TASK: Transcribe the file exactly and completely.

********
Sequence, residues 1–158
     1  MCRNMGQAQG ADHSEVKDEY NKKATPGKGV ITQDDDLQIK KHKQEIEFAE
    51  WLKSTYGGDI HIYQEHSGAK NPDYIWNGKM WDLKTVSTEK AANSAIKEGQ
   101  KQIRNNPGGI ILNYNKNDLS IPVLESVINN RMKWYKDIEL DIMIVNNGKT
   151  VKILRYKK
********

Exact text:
Sequence, residues 1–158
     1  MCRNMGQAQG ADHSEVKDEY NKKATPGKGV ITQDDDLQIK KHKQEIEFAE
    51  WLKSTYGGDI HIYQEHSGAK NPDYIWNGKM WDLKTVSTEK AANSAIKEGQ
   101  KQIRNNPGGI ILNYNKNDLS IPVLESVINN RMKWYKDIEL DIMIVNNGKT
   151  VKILRYKK